To reiterate: this is what I thought the sport was, though this was, of course, a reductionist perspective. Back then, I didn’t know the differences between short and long travel bikes, XC or enduro; I didn’t know that people ride mountain bikes down the length of the Colorado Trail. As a then outsider, I didn’t understand the nuances between different sub-genres of mountain biking (akin to a non-climber thinking that bouldering and free soloing – ”Like Alex Honnold?!” – are the same thing). And, perhaps most ironically, if I’d known then about the roguish off-road origins of the sport – with the OG Crested Butte and Marin contingents pushing the self-supported limits of where bikes could be taken on adventures like the early Pearl Pass rides – I’d have been more interested in learning more. But, as Travis Engel wrote in a Dust-Up not long ago, “The pop-culture machine hijacked the sport’s counter-culture roots and installed the ‘crazy mountain biker’ narrative.” So, I don’t think my assumptions were entirely off-base.

As I’ve started pursuing more technical terrain, motivated by routes like the Colorado Trail and Arizona Trail, first on a few hardtails and, most recently, on an Ibis Cycles Ripley (sent to me to provide context for this loosely-termed review), I’ve been thinking about the off-road continuum, the space between the Gravel and Mountain Bike categories. A conversation a little over a year ago with the duo behind Neuhaus Metalworks, Daniel Yang and Nick Neuhaus, put into sharper relief how distanced full-suspension riding feels from the more nebulous drop-bar all-terrain category that gravel bikes fit into.

Riding the Neuhaus Hummingbird, photos: John Watson

As I wrote in my review of the Neuhaus Hummingbird hardtail, Daniel has a hunch that might explain this bigger jump:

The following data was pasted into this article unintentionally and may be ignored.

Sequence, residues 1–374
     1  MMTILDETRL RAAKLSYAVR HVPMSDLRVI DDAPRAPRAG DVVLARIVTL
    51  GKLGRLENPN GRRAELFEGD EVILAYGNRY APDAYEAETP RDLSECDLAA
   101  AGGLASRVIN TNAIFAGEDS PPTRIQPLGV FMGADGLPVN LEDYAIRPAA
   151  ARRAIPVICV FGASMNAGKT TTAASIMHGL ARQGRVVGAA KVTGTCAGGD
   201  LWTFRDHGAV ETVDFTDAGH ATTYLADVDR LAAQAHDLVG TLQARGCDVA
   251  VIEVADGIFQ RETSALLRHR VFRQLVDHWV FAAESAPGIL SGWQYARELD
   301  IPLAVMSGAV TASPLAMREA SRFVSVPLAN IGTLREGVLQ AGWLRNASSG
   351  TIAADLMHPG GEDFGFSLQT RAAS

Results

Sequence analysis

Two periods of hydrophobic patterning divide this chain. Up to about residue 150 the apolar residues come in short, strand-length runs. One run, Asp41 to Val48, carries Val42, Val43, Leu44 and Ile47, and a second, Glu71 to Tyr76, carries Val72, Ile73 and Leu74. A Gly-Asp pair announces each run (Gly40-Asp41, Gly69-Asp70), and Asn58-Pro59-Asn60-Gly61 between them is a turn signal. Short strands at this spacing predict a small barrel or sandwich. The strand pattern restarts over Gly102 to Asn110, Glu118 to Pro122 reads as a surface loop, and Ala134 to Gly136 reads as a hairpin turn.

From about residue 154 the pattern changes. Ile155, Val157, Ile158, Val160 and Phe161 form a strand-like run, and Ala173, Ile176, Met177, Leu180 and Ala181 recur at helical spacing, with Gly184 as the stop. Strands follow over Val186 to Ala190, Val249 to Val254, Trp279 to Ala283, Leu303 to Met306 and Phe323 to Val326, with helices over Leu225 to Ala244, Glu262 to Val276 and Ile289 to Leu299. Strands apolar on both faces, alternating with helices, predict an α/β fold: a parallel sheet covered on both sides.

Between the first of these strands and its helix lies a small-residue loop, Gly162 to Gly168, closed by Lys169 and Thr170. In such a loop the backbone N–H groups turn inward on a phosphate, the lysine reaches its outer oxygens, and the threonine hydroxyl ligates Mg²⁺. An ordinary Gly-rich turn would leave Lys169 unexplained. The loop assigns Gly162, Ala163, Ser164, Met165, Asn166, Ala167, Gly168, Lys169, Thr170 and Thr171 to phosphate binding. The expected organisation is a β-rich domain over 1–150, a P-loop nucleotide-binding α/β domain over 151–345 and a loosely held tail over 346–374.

“‘As the MTB chainline and q-factor gets wider and wider, it starts to drift away from gravel bikes [in the bike’s fit, feel, handling, and capabilities]. I think that mainstream mountain biking culture is drifting further [away] and it’s separating further from road, gravel, trail, and adventure riding, which is where I feel like most people end up riding.’”

I tend to agree that full-suspension mountain bikes seem pretty estranged from the types of bikes I’m used to riding. Like a flock of birds that got stranded on an island evolutionary ages ago, mountain bikes have developed specialized traits that make them nearly unrecognizable to their genetic relatives. As Daniel and Nick posited, mountain biking – at least in terms of curating more widespread appeal – might be suffering an identity crisis, especially as the design focus continues to bias downhill performance with the ever longer, steeper, slacker trend.

What I’d add to their point is that some gravel bikes today (to use this as a loose umbrella term) can handle the type of terrain that ‘80s and ‘90s mountain bikes were being ridden on. This is not synonymous with saying that today’s gravel bikes are the same as earlier mountain bikes, rather that they can fill a similar need. In doing so, riders coming from gravel have the opportunity to experience approachable technical terrain, find their limits of underbiking, then “graduate” to some form of suspension if they so choose.